I’ll admit, I was one of those people mildly excited for Independence Day: Resurgence. Not only did the film return both Jeff Goldblum and Bill Pullman — as well as the up-and-coming Maika Monroe — it was also a welcome trip down memory lane to the original Independence Day, one of the first really big blockbuster movies I remember seeing in theaters. I know I’m not the only one whose interest in the film was pure nostalgia; as it turns out, this link to the past is exactly why Will Smith chose not to come back for a second film.
One of the stranger stories to end the year was the sudden departure of director Tim Miller from Deadpool 2, the sequel to 2016’s biggest breakout hit. Given the original film’s agonizing production history, it seemed like shooting a sequel would be a walk in the woods; instead, Miller’s decision to walk away from the project caught everyone by surprise, and rumors have swirled about creative differences ever since. Thankfully, Miller himself recently spoke at the Gnomon School of Visual Effects (via iO9) and put some of these rumors to bed.
File this one under ‘Least Surprising News Stories of the Day’: right on the heels of releasing the first trailer for Spider-Man: Homecoming, Sony has announced the release date for Spider-Man: Homecoming 2, proving that no title is so awkward as to prevent Hollywood from slapping the number ‘2’ on it and calling it a day.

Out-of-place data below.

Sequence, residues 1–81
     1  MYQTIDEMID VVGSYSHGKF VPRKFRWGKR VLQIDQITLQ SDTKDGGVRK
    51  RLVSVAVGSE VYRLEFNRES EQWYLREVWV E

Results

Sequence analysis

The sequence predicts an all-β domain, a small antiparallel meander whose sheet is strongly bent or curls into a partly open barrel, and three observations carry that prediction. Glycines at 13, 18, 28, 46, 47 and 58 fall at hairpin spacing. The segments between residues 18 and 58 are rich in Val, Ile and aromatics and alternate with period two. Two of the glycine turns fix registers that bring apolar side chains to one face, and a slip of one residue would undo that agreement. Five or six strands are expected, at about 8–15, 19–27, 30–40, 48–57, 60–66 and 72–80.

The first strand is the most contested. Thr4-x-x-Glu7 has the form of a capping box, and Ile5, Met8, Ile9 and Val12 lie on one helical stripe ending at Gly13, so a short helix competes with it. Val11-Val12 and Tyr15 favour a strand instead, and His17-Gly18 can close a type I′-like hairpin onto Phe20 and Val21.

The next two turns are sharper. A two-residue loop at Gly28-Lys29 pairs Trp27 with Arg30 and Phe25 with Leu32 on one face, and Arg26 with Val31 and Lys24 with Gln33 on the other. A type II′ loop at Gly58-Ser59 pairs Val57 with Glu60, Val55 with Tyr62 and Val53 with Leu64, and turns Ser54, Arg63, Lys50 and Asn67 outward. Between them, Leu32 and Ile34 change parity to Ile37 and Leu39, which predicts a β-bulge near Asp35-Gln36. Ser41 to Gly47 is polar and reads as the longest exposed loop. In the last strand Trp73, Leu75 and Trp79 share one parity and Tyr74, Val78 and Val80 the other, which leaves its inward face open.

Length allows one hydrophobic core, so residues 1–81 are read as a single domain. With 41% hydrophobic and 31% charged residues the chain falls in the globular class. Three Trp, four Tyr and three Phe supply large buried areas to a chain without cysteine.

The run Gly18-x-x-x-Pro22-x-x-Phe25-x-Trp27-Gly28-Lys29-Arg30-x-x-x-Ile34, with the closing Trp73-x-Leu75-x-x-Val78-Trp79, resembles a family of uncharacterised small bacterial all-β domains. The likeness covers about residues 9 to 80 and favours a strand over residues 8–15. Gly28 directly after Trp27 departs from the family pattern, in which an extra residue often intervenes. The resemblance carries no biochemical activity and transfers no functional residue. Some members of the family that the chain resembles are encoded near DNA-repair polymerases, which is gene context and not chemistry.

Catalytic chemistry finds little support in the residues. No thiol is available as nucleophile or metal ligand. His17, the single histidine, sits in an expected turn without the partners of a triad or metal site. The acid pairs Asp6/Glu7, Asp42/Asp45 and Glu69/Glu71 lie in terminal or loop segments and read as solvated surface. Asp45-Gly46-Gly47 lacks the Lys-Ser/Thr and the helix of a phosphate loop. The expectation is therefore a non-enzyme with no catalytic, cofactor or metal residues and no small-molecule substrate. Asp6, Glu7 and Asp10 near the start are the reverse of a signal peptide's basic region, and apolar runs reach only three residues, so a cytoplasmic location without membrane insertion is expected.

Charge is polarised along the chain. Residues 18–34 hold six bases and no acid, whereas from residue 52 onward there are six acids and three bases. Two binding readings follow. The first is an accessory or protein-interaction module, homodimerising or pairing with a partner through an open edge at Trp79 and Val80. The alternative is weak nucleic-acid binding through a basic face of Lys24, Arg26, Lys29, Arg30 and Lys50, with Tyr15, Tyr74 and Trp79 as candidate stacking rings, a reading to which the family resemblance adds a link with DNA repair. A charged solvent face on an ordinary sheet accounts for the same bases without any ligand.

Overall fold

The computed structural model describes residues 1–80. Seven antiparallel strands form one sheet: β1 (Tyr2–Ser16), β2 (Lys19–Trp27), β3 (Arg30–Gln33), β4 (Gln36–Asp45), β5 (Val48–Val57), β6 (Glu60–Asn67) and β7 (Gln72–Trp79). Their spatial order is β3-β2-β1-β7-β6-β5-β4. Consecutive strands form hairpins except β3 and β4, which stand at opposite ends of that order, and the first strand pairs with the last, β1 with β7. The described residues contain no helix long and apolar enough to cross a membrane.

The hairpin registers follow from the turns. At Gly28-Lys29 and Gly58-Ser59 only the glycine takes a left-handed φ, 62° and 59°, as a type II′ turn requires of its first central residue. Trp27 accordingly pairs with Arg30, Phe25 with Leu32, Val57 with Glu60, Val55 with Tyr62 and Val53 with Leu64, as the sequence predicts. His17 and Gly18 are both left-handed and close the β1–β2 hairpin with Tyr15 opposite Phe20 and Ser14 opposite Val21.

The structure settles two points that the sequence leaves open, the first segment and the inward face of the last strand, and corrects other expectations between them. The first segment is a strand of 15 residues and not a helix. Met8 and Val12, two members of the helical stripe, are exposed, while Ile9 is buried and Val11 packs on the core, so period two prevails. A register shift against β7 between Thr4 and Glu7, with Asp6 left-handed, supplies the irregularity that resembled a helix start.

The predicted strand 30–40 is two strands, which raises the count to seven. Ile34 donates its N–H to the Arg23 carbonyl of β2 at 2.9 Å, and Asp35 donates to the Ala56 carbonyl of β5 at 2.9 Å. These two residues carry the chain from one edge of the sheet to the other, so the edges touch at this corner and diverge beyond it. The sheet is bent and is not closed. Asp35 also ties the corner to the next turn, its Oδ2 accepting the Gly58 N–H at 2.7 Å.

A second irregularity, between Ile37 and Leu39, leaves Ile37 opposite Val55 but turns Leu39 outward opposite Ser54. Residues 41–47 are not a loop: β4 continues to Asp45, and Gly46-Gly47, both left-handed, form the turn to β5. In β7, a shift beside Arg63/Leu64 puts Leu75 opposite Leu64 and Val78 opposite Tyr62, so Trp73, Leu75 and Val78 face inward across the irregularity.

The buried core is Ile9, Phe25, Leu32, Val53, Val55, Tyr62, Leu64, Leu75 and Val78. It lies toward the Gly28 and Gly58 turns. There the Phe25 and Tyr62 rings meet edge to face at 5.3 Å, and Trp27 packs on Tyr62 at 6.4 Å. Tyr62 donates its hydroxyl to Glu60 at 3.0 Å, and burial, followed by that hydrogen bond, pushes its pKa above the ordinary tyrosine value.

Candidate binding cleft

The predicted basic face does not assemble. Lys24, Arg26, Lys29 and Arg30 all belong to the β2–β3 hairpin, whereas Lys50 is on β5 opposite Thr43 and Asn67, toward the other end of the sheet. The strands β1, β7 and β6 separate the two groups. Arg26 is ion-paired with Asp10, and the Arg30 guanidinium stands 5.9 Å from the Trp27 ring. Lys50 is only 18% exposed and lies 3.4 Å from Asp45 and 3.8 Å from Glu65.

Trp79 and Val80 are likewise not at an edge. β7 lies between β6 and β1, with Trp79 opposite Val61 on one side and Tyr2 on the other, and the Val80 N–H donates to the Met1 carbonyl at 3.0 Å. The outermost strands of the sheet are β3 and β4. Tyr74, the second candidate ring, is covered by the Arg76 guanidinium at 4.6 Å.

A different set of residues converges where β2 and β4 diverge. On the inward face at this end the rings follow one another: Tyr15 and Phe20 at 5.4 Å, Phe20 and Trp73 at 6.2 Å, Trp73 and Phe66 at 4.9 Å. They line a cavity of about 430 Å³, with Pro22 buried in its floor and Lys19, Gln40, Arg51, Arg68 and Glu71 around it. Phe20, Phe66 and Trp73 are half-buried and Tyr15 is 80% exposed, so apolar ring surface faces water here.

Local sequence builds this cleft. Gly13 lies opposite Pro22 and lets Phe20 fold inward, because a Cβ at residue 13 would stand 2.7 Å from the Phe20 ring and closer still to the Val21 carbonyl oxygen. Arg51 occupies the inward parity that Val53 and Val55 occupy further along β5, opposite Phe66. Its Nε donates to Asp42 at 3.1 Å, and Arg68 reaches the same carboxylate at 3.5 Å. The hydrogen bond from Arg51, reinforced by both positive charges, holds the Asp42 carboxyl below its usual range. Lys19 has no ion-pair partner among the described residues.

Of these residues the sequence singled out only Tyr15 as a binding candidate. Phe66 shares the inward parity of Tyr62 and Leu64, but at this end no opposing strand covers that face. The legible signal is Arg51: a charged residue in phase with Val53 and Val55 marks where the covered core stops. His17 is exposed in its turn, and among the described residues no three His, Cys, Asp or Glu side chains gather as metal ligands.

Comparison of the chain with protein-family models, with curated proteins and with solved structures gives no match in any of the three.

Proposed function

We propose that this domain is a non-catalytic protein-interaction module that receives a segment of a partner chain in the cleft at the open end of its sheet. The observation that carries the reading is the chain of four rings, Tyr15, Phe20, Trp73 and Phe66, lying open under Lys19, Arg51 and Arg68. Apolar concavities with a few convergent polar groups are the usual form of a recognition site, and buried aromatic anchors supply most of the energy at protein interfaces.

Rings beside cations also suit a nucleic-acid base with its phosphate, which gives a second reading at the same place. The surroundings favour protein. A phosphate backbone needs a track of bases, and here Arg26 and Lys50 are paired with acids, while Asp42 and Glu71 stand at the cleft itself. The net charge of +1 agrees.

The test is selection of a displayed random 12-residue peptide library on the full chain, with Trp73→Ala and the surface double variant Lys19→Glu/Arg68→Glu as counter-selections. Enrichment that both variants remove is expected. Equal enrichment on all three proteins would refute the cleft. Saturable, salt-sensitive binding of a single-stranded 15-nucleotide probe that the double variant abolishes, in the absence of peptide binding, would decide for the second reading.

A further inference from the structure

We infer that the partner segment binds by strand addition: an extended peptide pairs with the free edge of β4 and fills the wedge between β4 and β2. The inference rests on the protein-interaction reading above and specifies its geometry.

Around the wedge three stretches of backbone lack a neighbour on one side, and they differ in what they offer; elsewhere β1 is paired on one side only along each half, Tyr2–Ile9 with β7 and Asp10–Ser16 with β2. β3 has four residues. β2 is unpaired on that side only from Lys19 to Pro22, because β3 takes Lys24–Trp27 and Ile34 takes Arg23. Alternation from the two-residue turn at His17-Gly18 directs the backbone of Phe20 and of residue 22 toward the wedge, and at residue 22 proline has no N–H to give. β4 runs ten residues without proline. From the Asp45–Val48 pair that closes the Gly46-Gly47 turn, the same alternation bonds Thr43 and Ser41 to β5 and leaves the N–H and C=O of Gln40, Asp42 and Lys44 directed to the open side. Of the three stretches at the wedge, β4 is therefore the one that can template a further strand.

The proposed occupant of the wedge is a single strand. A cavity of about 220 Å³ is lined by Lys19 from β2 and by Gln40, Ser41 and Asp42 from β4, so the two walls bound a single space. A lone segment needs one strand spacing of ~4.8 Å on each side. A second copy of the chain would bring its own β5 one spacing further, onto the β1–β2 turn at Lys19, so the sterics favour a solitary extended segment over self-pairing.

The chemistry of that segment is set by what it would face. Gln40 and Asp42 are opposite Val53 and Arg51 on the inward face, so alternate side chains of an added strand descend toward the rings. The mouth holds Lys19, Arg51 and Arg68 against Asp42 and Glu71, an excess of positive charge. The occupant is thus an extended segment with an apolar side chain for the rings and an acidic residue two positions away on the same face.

One of my favorite parts of Batman v Superman: Dawn of Justice was Gal Gadot’s costume as Wonder Woman. Not only was it a much-needed splash of color in an otherwise monochrome film, it was also a nice departure from the overly bulky superhero costumes that have become the norm. Ben Affleck might be a great Batman, but there were times when he looked a little bit like Ralphie’s brother in A Christmas Story, too padded up to put his arms down, let alone fight his way through a warehouse of bad guys. Wonder Woman, on the other hand, looked every bit the agile warrior we were hoping for.
I’m not really sure how I feel about the new Hollywood trend of teasing out your trailers. On the one hand, it kind of takes the fun out of the equation; one of the best parts of coming back from a long day of meetings or classes is seeing that a brand new Star Wars spot has been dropped in your absence. On the other hand, though, it’s a real boon for cultural writers like me. Rogue One hints online that their next trailer will be released during the Olympics? You better believe we’ll be ready.
Between the epic run of Game of Thrones and the impressive first season of Westworld, odds are good that you’re currently rocking an annual subscription to HBO or HBOGo. Few networks are still in the business of appointment television, but with social media sites like Twitter exploding into a flurry of spoilers after each new episode of both shows, fans are finding that their only real options are to watch on time or to not watch at all. In fact, we can sometimes get so caught up in the flurry of long-form television that we forget that HBO has some pretty darn good movies, too.